Advances in the treatment of gastric cancer.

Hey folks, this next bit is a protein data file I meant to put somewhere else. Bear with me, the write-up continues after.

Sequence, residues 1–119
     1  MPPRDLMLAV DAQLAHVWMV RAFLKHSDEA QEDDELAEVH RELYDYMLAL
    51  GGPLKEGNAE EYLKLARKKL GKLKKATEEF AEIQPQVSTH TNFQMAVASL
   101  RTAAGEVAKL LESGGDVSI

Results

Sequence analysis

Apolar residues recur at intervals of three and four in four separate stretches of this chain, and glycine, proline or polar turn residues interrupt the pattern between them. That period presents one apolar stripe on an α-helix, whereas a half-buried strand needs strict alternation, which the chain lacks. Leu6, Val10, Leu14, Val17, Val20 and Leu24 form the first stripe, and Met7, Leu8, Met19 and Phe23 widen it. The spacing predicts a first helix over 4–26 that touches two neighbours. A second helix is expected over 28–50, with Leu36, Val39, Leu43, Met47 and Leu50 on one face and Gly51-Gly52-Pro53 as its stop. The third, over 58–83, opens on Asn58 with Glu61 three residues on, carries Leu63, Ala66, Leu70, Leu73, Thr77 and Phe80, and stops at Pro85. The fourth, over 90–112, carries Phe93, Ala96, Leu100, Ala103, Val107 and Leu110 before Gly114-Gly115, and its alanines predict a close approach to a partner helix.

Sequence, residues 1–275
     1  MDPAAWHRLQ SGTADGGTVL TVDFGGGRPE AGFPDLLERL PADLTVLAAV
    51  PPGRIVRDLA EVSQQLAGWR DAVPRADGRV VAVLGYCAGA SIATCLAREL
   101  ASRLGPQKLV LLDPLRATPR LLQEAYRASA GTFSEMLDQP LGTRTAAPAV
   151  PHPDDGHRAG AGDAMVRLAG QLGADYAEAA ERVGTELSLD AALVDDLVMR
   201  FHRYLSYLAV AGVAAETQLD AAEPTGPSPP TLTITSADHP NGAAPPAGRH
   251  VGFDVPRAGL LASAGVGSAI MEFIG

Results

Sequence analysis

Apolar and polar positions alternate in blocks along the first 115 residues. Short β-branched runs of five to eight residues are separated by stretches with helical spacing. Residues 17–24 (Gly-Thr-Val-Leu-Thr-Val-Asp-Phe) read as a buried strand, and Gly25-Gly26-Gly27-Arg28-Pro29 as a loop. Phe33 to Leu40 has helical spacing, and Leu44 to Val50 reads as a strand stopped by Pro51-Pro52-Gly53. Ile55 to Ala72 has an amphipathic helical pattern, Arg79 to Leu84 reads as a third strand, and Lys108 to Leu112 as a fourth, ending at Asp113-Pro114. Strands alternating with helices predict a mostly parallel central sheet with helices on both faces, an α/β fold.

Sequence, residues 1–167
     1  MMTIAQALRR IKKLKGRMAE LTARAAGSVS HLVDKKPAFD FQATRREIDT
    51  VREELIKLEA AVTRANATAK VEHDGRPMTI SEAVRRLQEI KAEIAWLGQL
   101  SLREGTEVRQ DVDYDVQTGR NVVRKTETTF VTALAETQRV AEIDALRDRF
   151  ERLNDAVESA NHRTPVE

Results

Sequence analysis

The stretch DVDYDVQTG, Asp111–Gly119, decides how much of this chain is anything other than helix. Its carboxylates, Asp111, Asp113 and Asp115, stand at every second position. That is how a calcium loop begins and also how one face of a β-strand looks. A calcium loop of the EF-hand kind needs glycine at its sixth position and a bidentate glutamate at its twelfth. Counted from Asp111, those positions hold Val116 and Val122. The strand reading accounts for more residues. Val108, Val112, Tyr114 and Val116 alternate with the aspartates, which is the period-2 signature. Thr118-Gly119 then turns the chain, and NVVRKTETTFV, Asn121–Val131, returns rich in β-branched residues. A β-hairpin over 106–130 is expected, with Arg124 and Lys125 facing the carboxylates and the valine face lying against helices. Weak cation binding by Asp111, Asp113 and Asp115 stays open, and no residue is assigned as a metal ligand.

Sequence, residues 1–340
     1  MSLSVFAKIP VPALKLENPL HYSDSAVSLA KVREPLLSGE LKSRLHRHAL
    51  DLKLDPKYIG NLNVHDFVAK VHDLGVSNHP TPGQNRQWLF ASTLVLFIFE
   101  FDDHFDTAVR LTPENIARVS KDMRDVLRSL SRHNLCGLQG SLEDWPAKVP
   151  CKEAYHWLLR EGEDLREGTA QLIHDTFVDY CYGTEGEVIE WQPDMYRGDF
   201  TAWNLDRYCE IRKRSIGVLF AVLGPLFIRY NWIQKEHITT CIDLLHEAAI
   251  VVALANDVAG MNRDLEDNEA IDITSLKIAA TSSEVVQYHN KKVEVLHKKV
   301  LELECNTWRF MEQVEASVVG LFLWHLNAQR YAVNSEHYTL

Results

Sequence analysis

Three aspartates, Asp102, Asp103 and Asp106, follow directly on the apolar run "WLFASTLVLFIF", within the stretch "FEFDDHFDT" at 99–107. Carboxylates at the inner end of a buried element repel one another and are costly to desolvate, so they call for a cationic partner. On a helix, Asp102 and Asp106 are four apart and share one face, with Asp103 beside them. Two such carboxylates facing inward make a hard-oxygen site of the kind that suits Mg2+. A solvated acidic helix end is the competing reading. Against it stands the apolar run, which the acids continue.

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To provide an up-to-date review on the management of cancers of the stomach and esophagogastric junction (EGJ).Microsatellite instable (MSI) high status in gastric cancer may portend a relatively good prognosis and indicate that adjuvant chemotherapy is of no added benefit to primary surgical management. In the preoperative treatment of HER2 (ErbB2)-positive EGJ adenocarcinoma with chemoradiotherapy, the addition of trastuzumab, a recombinant humanized mAb directed against the extracellular domain of Her2, failed to improve outcome over conventional chemoradiotherapy alone. Escalating the dose of radiation in combined chemoradiotherapy regimens did not improve survival over conventional dose radiotherapy in the nonoperative management of EGJ cancer. The use of proton vs. conventional external beam radiation therapy, although potentially less toxic, did not improve therapy outcome with preoperative or definitive chemoradiotherapy in EGJ cancer. In metastatic HER2-positive gastric cancer, after disease progression on trastuzumab, continuation of trastuzumab did not improve progression free or overall survival compared with second-line chemotherapy alone. However, in the setting or prior trastuzumab therapy in metastatic HER2-positive gastric cancer, the new agent trastuzumab deruxtecan achieved significant rates of response, progression free and overall survival compared with standard chemotherapy. After initial chemotherapy for metastatic esophagogastric cancer, maintenance therapy with the anti PDL-1 agent avelumab was no better than chemotherapy alone.MSI high gastric cancer has a better prognosis and may not require adjuvant chemotherapy. Trastuzumab, added to preoperative chemoradiotherapy in HER2-positive esophageal adenocarcinoma, does not improve outcome. Dose escalation of radiotherapy in the nonoperative management of EGJ cancer does not improve local control or survival, and proton therapy may not achieve superior outcomes compared with external beam radiotherapy. In metastatic HER2-positive gastric cancer, continuing trastuzumab into second-line chemotherapy does not add benefit; however, the novel agent trastuzumab deruxtecan has substantial activity after prior trastuzumab-based therapy.


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